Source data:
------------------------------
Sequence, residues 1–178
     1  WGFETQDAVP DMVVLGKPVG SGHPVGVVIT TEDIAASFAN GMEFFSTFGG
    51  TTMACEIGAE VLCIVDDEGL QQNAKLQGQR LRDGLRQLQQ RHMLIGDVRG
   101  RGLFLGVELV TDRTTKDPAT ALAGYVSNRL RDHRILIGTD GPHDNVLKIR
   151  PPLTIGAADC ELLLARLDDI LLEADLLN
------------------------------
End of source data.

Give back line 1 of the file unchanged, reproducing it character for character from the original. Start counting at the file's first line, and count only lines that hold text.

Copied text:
Sequence, residues 1–178